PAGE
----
aime is a simple, C-like programming language and an interpreter, both designed to be embeddable in applications. The language is straightforward, trivial, and direct. Its syntax is simpler than that of C, while still providing for full object management, higher order functions, and references. The interpreter is secure and expressive, allowing comprehensive control over program execution and providing powerful methods of application integration.
Lynis is an auditing and hardening tool for Unix derivatives like Linux/BSD/Solaris. It scans systems to detect software and security issues. Besides security-related information, it will also scan for general system information, installed packages, and possible configuration mistakes. The software is aimed at assisting automated auditing, software patch management, and vulnerability and malware scanning of Unix-based systems.
Task Coach is a simple todo manager to manage personal tasks and todo lists. It grew out of a frustration that well-known task managers, such as those provided with Outlook or Lotus Notes, do not provide facilities for composite tasks. Often, tasks and other things to do consist of several activities. Task Coach is designed to deal with composite tasks.
ZXTune is a set of portable cross-platform applications (GUI/CLI) intended to play chiptunes originally created for ZX Spectrum. It features advanced ripping possibilities that let you search for music in big data sets. Supported playback formats include AY, AS0/ASC, FTC, GTR, PSC, PSG, PSM, PT1, PT2, PT3, SQT, ST1, ST3, STC, STP, TXT, TurboSound, VTX, YM, CHI, DMM, DST, PDT, SQD, STR, TF0/TFE, TFC, TFD, and COP. Supported compressed formats include CHARPRES, CC3, CC4, CC4PLUS, DSQ, ESV, GAM, GAMPLUS, HRUM, HRUST1, HRUST2, LZH1, LZH2, LZS, MSP, PACK2, PCD61, PCD62, TLZ, TLZP, TRUSH. Supported archived/container formats include FDI, HOBETA, HRIP, LHA, RAW, SCL, TD0, TRD, ZXZIP, ZIP, RAR, SNA128, and Z80.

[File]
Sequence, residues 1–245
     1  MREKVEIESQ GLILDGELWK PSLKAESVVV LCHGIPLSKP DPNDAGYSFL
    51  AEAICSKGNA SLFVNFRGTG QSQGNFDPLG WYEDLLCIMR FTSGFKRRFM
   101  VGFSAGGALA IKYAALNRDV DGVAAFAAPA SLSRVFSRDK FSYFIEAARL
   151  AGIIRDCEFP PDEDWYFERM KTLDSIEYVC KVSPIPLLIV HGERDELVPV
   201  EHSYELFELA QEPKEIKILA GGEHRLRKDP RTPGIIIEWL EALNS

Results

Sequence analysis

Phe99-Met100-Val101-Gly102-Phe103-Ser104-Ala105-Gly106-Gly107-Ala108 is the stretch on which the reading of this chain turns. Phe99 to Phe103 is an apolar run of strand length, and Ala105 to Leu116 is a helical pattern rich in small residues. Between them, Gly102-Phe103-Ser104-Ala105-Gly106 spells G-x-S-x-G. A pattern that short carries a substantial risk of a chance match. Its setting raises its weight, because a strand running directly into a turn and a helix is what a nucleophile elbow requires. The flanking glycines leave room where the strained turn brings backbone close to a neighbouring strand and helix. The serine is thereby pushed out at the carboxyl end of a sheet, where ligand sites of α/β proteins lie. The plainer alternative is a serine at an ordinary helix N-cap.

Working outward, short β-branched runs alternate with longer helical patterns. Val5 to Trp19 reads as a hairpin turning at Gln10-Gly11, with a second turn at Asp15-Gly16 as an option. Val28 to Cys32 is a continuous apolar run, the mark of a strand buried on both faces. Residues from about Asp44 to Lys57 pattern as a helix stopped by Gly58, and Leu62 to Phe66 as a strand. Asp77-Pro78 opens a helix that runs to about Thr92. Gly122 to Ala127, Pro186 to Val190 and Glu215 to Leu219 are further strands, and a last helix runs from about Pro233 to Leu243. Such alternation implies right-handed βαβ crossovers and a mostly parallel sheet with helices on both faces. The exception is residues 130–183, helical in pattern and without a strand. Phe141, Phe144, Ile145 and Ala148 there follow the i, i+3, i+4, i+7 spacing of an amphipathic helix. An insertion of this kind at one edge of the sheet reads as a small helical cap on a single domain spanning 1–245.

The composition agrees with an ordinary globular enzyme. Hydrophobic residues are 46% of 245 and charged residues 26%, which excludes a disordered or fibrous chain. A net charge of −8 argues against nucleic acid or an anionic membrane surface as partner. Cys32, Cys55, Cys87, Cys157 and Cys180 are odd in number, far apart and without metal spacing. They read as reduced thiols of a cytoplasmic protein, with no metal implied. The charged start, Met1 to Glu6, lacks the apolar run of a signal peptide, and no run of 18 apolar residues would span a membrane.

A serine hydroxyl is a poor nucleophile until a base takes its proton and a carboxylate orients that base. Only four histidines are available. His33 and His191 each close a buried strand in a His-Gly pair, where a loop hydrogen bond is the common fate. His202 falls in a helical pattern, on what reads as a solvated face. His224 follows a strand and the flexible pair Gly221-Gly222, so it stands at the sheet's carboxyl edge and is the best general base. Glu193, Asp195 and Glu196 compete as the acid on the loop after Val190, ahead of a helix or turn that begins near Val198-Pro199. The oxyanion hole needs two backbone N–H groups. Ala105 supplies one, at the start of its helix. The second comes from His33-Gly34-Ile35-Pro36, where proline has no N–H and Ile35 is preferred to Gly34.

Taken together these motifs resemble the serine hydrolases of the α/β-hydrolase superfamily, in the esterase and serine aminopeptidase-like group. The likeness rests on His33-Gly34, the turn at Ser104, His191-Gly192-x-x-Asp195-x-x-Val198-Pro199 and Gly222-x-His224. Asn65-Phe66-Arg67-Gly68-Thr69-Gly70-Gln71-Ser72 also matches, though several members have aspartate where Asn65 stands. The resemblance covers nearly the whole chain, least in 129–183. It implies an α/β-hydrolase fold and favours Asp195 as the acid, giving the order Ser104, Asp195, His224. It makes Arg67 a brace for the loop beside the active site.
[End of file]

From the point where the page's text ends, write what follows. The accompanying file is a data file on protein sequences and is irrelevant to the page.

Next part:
Fotoxx navigates an image collection using a thumbnail browser to choose images to view or edit. Edit functions include brightness, contrast, color, gamma, white balance, tone mapping, red eyes, sharpen, blur, noise suppression, smart erase, trim (crop), resize, rotate, add text, bend/warp, many art effects, HDR, HDF, stack, and panorama. Edit functions use movable curves and sliders. Feedback is live using the whole image. RAW files can be edited and saved with deep color. Areas or objects can be selected using freehand draw, follow edge, and tone matching. Selections can be edited in place with adjustable blending. They can also be cut and pasted into other images. Any metadata can be edited, reported, and searched (filenames, tags, dates, geotags, comments, captions, ratings, etc.). Collections (arbitrary subsets) can be defined and viewed. Batch functions are available for rename, resize/export, RAW conversion, and more.
Vrapper is an Eclipse plugin which acts as a wrapper for Eclipse text editors to provide a Vim-like input scheme for moving around and editing text. Unlike other plugins which embed Vim in Eclipse, Vrapper imitates the behavior of Vim while still using whatever editor you have opened in the workbench. The goal is to have the comfort and ease which comes with the different modes, complex commands, and count/operator/motion combinations which are the key features behind editing with Vim, while preserving the powerful features of the different Eclipse text editors, like code generation and refactoring.
QP is a family of lightweight software frameworks for building responsive and modular real-time embedded applications as systems of cooperating, event-driven active objects (actors). The QP family consists of QP/C, QP/C++, and QP-nano frameworks, which are all strictly quality controlled, superbly documented, and commercially licensable. The behavior of active objects is specified in QP by means of hierarchical state machines (UML statecharts). The frameworks support manual coding of UML state machines in C or C++ as well as automatic code generation by means of the free QM modeling tool. All QP frameworks can run on bare-metal MCUs, completely replacing a traditional RTOS. Ports and ready-to-use examples are provided for all major CPUs, such as ARM Cortex-M, ARM7/9, MSP430, C28x, C55x, RX, R8C, AVR32, AVRMega, PIC24/dsPIC, as well as Arduino and mbed. QP/C and QP/C++ can also work with a traditional OS/RTOS, such as: POSIX (Linux, QNX), Windows, VxWorks, ThreadX, and uC/OS.